A second class honours degree in any discipline other than podiatry. However, where the undergraduate degree is not science or engineering based, applicants should be able to be able to demonstrate research skills. This may have been achieved through completion of a research project as part of the undergraduate degree. This course is not suitable for those already holding a podiatry degree qualification.
Applicants will also be expected to demonstrate evidence of understanding of the scope of podiatric practice and understanding of the personal attributes of a podiatrist in their application personal statement. We appreciate that it can be difficult to get shadowing experience, so relevant experience that demonstrates transferable skills to those required by Podiatrists would be beneficial.
International: You will be required to provide evidence of English language competence at no less than IELTS 7.0 and no individual component score below 6.5.
A satisfactory criminal records check from the Protection of Vulnerable Groups (PVG) Scheme, an occupational health check and personal indemnity insurance (normally through membership of the professional body) are required.
- The cost of the PVG check (£18 or £59 depending on the level of clearance required*) and the professional indemnity insurance are the responsibility of the student. Currently the cost of the health check is funded by the Scottish Government for Scottish students only and other students are responsible for this cost. This is however subject to change should the Scottish Government change their funding policy.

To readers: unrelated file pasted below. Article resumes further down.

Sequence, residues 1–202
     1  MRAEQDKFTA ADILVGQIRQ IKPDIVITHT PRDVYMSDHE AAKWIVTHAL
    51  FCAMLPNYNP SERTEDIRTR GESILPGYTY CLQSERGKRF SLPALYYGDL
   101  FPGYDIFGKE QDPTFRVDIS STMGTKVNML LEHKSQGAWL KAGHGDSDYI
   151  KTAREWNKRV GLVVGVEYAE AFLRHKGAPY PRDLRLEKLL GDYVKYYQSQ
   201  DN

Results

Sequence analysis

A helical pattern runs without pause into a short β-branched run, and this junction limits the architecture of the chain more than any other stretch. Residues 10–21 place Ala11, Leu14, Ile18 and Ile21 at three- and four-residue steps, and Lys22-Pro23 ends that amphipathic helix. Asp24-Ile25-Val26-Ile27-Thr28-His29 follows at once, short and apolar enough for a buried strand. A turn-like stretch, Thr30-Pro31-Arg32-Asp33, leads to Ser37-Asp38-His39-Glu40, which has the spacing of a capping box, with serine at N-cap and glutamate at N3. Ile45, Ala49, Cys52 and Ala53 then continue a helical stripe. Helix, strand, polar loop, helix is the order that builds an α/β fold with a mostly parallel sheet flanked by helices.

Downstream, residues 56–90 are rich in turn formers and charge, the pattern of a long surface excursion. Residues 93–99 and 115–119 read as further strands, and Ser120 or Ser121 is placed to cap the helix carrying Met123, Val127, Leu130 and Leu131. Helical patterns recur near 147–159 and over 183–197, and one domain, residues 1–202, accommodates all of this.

- The additional costs associated with placement travel and accommodation are the responsibility of the student.
*Please note that cost is subject to change.
If you have a disability, long-term physical or mental health condition, or learning disability, it should not stand in the way of your studying at QMU. However, if you are not sure whether your disability might be a barrier in your studies or in relation to the professional standards, please contact the disability service who will be able to have a conversation with you about reasonable adjustments and supports available to you.
Applying for this course
For more information on applying, or to apply for this course, please follow the links in the 'Start your application' box at the top right of this page.
Home students: End of August 2024
International students: End of June 2024
Terms and Conditions
The delivery of this course is subject to the terms and conditions set out in our 2023/24 Entry - Terms and Conditions (Postgraduate).